Every so often, Chris has a different perspective on something and I tell him to write a blog post. In the midst of potty training Abbie, he had a victory all his own, so you get the treat of reading his writing today. So here we go with potty training tales: Dad edition.
The latest in our journey in parenthood was getting Abbie potty trained. With baby number two on the way, we wanted desperately to make sure we didn’t have two in diapers (and of course, to get a brief break on baby poop).
Naturally, I followed Jess’s lead on how to proceed with this process and both of us have followed our awesome daycare provider’s lead. She only has about three other kids at a time, two of whom are infants, so she was really able to focus on Abbie during this process. Both of her first breakthroughs, number one and two, if you will, have come at daycare. Since then Abbie has been great peeing at home and Jess was the one who got that going. She’s did very well with that at home, but she still struggled with number 2.
Like many kids, Abbie liked to run and hide when she needed to poop, in a corner behind her doll house or behind the side of the couch. She was actually really sneaky about it – if we looked away for a second, we’d miss our chance. For instance, one day I was working from home with her. She sat on the potty and went number one. I jumped on a work call not five minutes later and I looked over at her. Boom goes the dynamite. So frustrating.
What was really frustrating for me as the Dad is I felt like I was the third wheel on this process. I ceded this process not only to Jess but also to daycare so I felt like nobody was really listening to me, Abbie included. Jess really is super mom, and the only downside with that is I have to often be extra forceful with what I think we should do with Abbie because, as I often joke, I’m at the bottom of the totem pole. It’s not always fair, but oftentimes it is what it is. I was super motivated to get her potty trained.
Let me now take a moment to step back and give you a little insight into me as a Dad. Just as Jess has this blog community, I have a group of friends, affectionately known as The Squad, that I have known for a while through my various jobs. There are four of us at varying stages of fatherhood and we chat all day on WhatsApp. In the hierarchy of how long we’ve been Dad’s, I fall third. So with potty training I’ve gotten a lot of advice about how to do it, everything from letting Abbie run around bottomless to making sure she drinks a lot of water. They are my avenue to vent about my frustrations to mostly snickers and trolling, which is reciprocated. But they are a great outlet.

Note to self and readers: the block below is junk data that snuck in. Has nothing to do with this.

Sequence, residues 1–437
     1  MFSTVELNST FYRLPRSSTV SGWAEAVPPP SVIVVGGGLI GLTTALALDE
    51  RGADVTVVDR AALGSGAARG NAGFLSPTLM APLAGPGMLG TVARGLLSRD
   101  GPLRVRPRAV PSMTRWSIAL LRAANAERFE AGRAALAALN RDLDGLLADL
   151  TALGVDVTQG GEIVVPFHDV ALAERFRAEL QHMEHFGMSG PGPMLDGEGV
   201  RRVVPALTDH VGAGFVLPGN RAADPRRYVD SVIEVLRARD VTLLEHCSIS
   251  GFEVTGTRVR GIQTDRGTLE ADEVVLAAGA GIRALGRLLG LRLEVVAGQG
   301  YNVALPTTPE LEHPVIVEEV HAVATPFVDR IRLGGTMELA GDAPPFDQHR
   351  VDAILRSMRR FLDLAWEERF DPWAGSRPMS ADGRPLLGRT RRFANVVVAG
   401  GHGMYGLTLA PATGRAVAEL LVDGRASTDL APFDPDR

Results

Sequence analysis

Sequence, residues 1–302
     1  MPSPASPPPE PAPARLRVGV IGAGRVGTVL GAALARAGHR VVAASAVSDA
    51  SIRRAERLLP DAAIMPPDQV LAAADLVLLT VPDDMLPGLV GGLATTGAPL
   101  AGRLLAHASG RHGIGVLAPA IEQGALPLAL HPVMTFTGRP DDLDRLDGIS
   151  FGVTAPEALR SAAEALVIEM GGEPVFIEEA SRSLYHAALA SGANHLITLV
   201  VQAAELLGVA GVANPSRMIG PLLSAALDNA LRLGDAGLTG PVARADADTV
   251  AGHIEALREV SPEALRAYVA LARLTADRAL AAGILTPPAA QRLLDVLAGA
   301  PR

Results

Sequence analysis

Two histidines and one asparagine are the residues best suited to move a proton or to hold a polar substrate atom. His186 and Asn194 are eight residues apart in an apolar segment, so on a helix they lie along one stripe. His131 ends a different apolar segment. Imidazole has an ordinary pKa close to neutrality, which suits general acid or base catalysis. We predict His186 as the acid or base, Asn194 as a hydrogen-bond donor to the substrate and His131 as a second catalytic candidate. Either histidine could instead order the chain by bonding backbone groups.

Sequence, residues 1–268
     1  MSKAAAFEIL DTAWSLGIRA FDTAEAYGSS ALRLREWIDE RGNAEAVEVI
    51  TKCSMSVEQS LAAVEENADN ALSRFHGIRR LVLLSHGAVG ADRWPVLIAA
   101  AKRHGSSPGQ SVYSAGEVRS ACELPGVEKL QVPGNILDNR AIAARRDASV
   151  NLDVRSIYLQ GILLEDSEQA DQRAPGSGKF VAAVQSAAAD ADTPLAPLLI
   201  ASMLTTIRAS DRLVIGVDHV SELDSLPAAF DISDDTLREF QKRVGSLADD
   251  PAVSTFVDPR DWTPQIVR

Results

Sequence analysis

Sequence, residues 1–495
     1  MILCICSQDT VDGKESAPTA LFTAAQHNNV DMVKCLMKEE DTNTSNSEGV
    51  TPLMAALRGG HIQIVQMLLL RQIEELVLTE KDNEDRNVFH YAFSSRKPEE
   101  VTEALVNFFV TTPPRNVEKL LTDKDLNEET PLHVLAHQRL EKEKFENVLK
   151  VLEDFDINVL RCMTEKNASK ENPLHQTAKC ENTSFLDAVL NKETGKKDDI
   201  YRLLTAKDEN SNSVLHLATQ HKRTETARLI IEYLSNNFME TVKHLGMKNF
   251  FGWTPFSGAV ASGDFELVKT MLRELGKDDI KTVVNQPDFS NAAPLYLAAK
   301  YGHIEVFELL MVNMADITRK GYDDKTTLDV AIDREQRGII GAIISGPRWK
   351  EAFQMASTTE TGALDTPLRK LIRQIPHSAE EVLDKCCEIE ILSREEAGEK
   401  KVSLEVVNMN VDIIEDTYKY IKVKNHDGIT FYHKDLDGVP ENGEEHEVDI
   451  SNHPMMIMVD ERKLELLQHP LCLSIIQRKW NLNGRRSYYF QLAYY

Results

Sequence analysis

And what was I telling them? Like I said above, I was feeling left out of the process. I’m sure other Dads feel this way with kids this young and the decisions on what to do with things like this. Abbie is an incredibly stubborn girl, she was sitting on the potty for an hour to two hours just crying and fighting us. She was crying, screaming, begging and charming. This girl is dangerous. We tried bribing her with snacks, playing outside, electronics … really anything. She gets both of us so mad, takes us right to the brink, but then she can charm us right back from the edge.
This brings me to the morning of May 15th, and Jess and I were determined to get Abbie to poop. The peeing breakthrough had happened a few weeks ago on Jess’s watch (of course). So we sat her down on the potty and it begins – crying, begging, pleading and trying to play us off each other. She had not pooped for two days, by the way, so I just think she needs to no matter how because it can’t be healthy. I was ready to just let her put a pull-up on, but Jess said no and we were getting frustrated with each other. Jess then went out for a few hours and I was at home with Abbie alone. I wastired, annoyed and didn’t really know what to do.
So I just decided to give up. I gave Abbie her Kindle so she could play games and relax and I decided to put Super Mario Bros on and play. Just so you know, Abbie LOVES Mario Bros and one of the carrots we dangled in front of her was to let her play it. She said to me about forty minutes after Jess left:
Abbie: “Daddy, can I play Mario?”
Daddy: “You can honey, but you need to poop first.”
Abbie: “Okay Daddy, I have to poop now.”
She then gets up and walks to the bathroom. And she poops.
If it wouldn’t have killed me I would have done a backflip. What made me really happy is that she did it for me, not anyone else. She listened to me this time, not anyone else! It was a proud moment for me.
We definitely won’t forget this one, and thankfully the potty training battles have seemed to end since then. Any fights with your little ones during potty training?